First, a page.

My final point, although perhaps the most difficult one to make, relates to the historical accuracy of this novel and, again, to the sheer power of setting the example.
First, where the Elite Spartans some kind of bloodthirsty warriors who relished killing and went "berserk" in battle? Here the answer seems - to me at least - to be an unqualified NO. In practice, Spartans despised "berserk-style" behaviors and battle lust. This was because they would see the warrior as going crazy and losing all self-control, all self-discipline and becoming little more than an enraged animal. Moreover, Spartans were, of course, humans, and did not particularly want to die. They chose to do so, because this was part of their military call and they were expected by their city to set the highest example for all (this is one of the meanings of "obedient to their laws"). This was one of the objectives of their gruelling military training in the Agoge and this was what they were born and bred for. This was a matter of fact. This was "the Spartan Way".
Second, were the Spartans "playing the noble warrior act" and cynically building their reputation as the "super-warriors" of the Age? Where they showing off? Was this a display? Where they vainglorious? It seems not and the chances are that they really believed in their warrior ethos and tried their very (and considerable) best to live up to their Moral Code. They did not always succeed, but they tried and they certainly were successfull at the Gates of Fire. At least at that time, the Spartans, although certainly aware of their valour, did not show it off. Shelfish behaviours where the heroes would go and sulk in their tents because they hadn't got their way (Achilles or Alexander the Great style) were simply NOT the "Spartan Way" and would be despised by them. Moreover, they had no need to show off because they had nothing to prove to anyone, and certainly not to any of the other Greeks: everyone (even the Persians) knew that they were "simply the Best" fighting men that Greece had at the time.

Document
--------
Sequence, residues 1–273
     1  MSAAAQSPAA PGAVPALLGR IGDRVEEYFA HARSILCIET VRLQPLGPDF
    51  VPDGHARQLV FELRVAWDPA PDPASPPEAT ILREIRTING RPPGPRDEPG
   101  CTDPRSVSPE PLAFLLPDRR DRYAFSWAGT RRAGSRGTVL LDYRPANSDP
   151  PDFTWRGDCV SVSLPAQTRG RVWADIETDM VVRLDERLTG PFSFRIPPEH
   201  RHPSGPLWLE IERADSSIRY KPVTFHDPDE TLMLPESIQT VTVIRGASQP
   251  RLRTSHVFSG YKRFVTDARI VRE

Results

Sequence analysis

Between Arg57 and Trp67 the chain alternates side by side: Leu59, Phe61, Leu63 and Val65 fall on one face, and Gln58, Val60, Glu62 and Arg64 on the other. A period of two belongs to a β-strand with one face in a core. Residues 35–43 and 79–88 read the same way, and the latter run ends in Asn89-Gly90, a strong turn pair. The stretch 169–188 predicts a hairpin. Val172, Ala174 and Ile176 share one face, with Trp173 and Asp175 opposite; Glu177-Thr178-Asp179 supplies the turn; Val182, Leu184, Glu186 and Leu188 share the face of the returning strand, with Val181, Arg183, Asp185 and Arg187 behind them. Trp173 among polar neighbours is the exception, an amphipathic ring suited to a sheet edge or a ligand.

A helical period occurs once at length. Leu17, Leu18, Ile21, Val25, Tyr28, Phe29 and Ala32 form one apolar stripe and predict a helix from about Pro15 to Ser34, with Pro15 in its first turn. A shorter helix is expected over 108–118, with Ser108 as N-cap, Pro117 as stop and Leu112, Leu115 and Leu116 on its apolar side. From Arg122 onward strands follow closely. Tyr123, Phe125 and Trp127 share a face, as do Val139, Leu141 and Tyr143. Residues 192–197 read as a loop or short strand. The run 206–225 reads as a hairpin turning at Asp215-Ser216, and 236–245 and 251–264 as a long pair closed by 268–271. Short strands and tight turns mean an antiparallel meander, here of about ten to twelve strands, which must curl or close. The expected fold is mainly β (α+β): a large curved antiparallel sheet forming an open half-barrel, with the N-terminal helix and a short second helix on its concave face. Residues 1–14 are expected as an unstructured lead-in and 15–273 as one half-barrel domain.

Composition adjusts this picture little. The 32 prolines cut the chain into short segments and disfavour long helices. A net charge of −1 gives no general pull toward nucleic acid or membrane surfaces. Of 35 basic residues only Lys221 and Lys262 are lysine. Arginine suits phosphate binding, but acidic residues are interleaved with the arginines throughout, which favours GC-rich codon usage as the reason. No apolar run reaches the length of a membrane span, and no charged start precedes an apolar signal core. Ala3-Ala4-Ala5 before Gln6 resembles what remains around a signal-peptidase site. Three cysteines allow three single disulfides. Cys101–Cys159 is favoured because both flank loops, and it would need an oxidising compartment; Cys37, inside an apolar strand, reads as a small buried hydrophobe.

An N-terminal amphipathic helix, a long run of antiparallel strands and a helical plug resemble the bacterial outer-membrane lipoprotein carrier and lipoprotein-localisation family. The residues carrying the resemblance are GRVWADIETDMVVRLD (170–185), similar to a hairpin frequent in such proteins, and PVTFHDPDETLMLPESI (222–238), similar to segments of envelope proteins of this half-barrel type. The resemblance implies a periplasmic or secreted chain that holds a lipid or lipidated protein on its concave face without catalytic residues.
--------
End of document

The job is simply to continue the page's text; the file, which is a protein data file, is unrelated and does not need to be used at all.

Are there any historical elements that could back up such a view about the "Spartan Way"? Oddly enough, there are some. Some even relate to the Helots and Shield bearers of the Spartans which were used by their lords as sparring partners, as the very beginning of Pressfield's book shows so well. The shield bearers and body slaves knew how to fight and fought almost as well as their lords. Later on, during the Long War against Athens, battalions of Helots would be raised, trained and would fight (very well) for Sparta. We also know that, at Thermopylae, they did not survive their warrior lords but died with them. None of them has ever been mentioned in any of the sources as deliberatly deserting. Even a sceptical mind cannot do otherwise than agree that while many (or most, or all?) Helots hated their condition as slaves and may also have hated their masters, they nevertheless fought and died with them, rather than running away or betraying them to the Persians.
Third and last, has Pressfield painted a somewhat "rosy and glorious" picture of the Spartans, as another reviewer suggested? The book does, at times, feel a bit like that, until you come across one of these frightful scenes where Polynikes gets ready to slaughter a few Helots, to make a point and set the example, but this time a rather grisly and unsavory one. This was also Sparta, and it is also shown in the book.
To conclude, and to cut a (very, very) long story short, this (the book, the story it tells and the Spartans that are at the heart of it) is "simply the Best" of breed, what the Ancient Greeks might have called Aristoi (and from where we have derived our aristocrat).